For the most part, my personal cyber-life was unaffected, except that washingtonpost.com was periodically unavailable--not that I go there that much anymore, since they fired Dan Froomkin at he beginning of the month, one of the few journalists left who pounds the accountability beat, for the media as well as for politicians and government. (Good news, he'll be starting at the Huff Post sometime soon.)
What's interesting is the way the virus seemed to succeed in an unexpected way by sending erstwhile allies into a bout of fingerpointing and friction. The attack was largely built from the MyDoom virus, first exposed in 2004, so presumably the cadre of infectable machines was low (some 50,000 to 65,000 machines were infected), and seem to be located mainly in China, Korea and Japan.
According to an article at Wired.com:
“The fact that it’s using older threats isn’t a terribly stealthy attack,” says Dean Turner, director of Symantec’s Global Intelligence Network. “And the fact that it’s re-using code could indicate that somebody put it together in a hurry or that, as with most DDoS attacks, their purpose is mostly nuisance. It didn’t require a degree in rocket science to pull that stuff together.”...
Denial-of-service attacks are one of the least sophisticated kinds of attacks a hacker can launch and have been around for nearly as long as e-commerce.
Conversely, over at Korea Herald, we get this:
Hong Min-pyo, CEO of a local security software firm Shiftworks yesterday raised the possibility of the "Distributed Denial of Service" virus originating from a locale in the United States, which also was hit by an attack that started as early as July 4.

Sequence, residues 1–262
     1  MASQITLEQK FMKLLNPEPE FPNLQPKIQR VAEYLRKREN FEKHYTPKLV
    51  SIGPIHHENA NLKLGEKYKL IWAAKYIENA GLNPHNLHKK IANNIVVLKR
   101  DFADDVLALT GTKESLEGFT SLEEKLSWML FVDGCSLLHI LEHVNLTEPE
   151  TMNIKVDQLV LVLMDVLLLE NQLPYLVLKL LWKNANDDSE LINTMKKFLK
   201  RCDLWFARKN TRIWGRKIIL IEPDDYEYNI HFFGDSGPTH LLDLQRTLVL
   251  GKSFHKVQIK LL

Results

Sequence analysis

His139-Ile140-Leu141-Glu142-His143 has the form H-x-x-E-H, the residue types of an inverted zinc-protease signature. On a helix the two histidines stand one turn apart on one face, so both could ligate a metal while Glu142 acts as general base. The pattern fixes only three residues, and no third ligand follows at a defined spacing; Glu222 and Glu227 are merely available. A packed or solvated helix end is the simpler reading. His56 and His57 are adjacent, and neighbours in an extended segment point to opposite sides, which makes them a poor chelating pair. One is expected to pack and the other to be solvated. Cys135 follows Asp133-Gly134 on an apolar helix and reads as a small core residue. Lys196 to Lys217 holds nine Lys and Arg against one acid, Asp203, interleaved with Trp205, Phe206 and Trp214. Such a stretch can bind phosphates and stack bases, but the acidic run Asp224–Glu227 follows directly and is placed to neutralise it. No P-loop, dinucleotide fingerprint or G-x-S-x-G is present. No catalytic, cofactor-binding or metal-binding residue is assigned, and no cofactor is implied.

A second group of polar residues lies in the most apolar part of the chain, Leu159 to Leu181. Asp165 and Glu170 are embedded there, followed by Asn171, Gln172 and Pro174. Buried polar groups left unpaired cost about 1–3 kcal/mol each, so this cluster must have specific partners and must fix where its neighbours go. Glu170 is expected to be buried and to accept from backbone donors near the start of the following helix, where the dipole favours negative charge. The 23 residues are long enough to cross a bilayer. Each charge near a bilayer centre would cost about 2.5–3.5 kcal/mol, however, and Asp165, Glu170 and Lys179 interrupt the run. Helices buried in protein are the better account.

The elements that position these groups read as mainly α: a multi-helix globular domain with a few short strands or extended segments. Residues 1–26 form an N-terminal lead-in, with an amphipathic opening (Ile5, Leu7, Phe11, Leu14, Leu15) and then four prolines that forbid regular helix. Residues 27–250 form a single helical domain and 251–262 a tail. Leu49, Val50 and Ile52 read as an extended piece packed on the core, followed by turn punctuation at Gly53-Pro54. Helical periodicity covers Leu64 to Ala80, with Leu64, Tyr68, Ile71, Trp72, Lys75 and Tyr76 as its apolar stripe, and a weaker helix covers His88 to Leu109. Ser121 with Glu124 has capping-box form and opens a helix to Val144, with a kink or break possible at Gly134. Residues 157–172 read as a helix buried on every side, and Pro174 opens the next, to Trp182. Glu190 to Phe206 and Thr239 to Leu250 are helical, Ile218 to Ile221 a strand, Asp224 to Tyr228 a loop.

Hong cited analyses conducted on the virus, saying the masterminds appeared to be "tech-savvy."
Yonhap News reported that Korea Information Security Agency along with the spy agency initially blamed the attack on North Korea or its sympathizers, pointing out that despite Pyongyang's decripit infrastructure, it has been training hackers for years now.
Korea's opposition Democratic Party then suggested the claim was political, motivated by a desire to pass a counter-terrorism bill. Korean politics is famously rough-and-tumble, but I think it's rare that they let it thwart counterterrorism and national security efforts--the party out of power is usually critical of the way the other party kowtows to the US military, but when they are in power, they do some pretty fine kowtowing themselves.
Anyway, fear not, Dear Readers, my computer was unaffected by the virus, and my blog is hosted by good ol' Google, who knows a thing or two about DOS. So you can be assured of uninterrupted grazing, or harvesting, or cultivating, or whatever-it-is-you-do here in the Seoul Patch. Whatever it is you do.